Arguing with your teen is a quick way to ware down the relationship and build up resentment and anger between you and your teenager.
Here are 5 ways to avoid getting hooked into arguments with your teen, using both love and logic.
What is Love and Logic?
Love: I love my teen enough to set and follow through on boundaries in an empathic and caring way.
Logic: My teen needs the autonomy to choose, mess up, and experience the natural consequences of their actions to develop a healthy self-concept.
Today, we’ll introduce you to a Love and Logic technique that is highly effective for minimizing arguments with your teen and paving the way toward productive conversations.
Teens will try to “hook” you to get you to argue with them about boundaries and consequences. Historically, this may have warn down adults around them to the point of giving in. Over time, this pattern teaches teens that they are not worthy of love, it damages their self-concept and erodes their sense of stability.
When people are emotionally activated, the amygdala – the part of the brain responsible for fight or flight, comes online. This is the oldest part of our brain, affectionately referred to as the “lizard brain.” The prefrontal cortex – the part of the brain responsible for making decisions, planning, setting goals, and anticipating consequences, is completely inaccessible during this time. When your teen is upset and arguing with you, they are in their lizard brain. If you get hooked and argue back, you are then also utilizing your lizard brain.
When your teen tries to hook you into an argument, remember… You cannot reason with lizards. It is not possible to reason with your child when they are emotionally escalated. The best thing to do is to be the warm rock for your beloved (terror of a) lizard until they can once again access their pre-frontal cortex (which, by the way, continues developing into the mid-twenties!). This is done most effectively through the use of empathic statements, patience, and genuine care.
At this point, you may be thinking, “Well, that’s all well and good, but how does this work in practice? Does it really work?”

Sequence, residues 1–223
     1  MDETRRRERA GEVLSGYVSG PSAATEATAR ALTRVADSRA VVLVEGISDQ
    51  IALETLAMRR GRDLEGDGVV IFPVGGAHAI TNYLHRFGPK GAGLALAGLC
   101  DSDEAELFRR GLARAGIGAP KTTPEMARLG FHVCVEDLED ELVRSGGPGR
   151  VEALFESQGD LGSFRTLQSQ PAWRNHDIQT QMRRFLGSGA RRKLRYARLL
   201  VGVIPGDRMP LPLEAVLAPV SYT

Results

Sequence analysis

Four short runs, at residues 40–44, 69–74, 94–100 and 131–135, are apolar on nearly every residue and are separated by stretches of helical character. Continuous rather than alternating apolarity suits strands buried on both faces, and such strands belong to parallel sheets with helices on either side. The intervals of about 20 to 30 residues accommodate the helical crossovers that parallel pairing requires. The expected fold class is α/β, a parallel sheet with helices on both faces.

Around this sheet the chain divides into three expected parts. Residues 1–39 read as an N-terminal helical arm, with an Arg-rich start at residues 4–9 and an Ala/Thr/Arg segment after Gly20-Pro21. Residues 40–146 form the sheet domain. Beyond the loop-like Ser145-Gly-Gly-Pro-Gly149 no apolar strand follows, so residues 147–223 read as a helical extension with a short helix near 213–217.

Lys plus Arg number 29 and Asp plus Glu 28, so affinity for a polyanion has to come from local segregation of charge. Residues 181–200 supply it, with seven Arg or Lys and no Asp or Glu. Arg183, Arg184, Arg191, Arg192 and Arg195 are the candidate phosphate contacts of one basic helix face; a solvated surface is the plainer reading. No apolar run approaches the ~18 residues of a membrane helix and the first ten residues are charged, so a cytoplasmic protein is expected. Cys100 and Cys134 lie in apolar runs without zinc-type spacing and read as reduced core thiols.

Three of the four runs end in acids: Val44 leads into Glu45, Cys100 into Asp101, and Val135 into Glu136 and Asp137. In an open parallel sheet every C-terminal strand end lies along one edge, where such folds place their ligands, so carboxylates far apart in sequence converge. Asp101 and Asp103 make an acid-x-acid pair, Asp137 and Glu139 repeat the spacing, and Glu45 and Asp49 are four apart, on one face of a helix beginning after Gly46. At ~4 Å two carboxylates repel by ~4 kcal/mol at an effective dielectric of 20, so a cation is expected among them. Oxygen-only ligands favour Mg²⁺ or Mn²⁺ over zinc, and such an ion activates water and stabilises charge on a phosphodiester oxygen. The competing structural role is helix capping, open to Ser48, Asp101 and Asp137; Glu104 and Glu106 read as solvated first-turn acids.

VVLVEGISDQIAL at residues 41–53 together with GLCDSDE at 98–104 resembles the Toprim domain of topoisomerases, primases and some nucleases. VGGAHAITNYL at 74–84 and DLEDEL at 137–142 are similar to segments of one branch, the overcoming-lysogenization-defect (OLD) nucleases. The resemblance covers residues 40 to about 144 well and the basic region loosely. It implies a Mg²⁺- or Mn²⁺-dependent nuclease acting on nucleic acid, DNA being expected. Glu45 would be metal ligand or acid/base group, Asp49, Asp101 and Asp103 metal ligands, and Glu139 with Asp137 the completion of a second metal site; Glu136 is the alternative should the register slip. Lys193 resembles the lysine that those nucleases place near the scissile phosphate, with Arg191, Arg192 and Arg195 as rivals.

Step-by-step guide to staying calm when your teen is trying to hook you into an argument
Step 1: Empathy
Empathy has the power to “soak up” emotions. Respond with an instant empathic statement when your teen is emotionally escalated. Choose a statement that feels true to your heart, and stick with it. Make sure to get comfortable with it before your teen comes home after curfew with an attitude!
- “That stinks”
- “Oh, man…”
- “That sounds really rough”
Step 2: “Go brain dead”.
Don’t give too much thought to your teen’s argument to avoid trying to reason with them. Remember that thing about reasoning with lizards?
Step 3: One-liners
Try using these Love and Logic one-liners, or create your own. You may sound like a broken record – and if you do, you’re doing it right. Please note, these are only effective if they are expressed in a sincere, compassionate, and understanding manner. If these statements are expressed in a condescending or sarcastic way, they will not work.
- “How sad”
- “I love you too much to argue”
- “I respect you too much to argue”
- “I know”
- “I know, but what did I say?”
- “Probably so”
- “I bet it feels that way”
- “That’s an option…”
Step 4: Delay the consequences.
Since your teen’s prefrontal cortex is offline, they won’t hear you now. Moreover, immediate consequences take away the opportunity for your teen to reflect on their actions. Wait to deliver consequences until both you and your teen are calm and have had time think things through. A hidden benefit of delaying consequences is the ability to consult with your village. We are stronger together! Try a statement like this:
- “I’ll have to have to do something about that. We’ll chat later, but for now, try not to worry”
Step 5: Feel free to take a break and walk away.
This is especially important if at any point you feel yourself getting angry or upset with your teen. Some helpful statements for this are:
- “I care about you, and am looking forward to checking in once you’re calm”
- “Let’s talk about this when both of us are calm”
How do we get good at this? We practice! Explore statements that feel true to you, and try them out. Get your partner bought in, your friends, your neighbor’s dog, whoever… And, practice with them!
Interested in learning more tips like this one?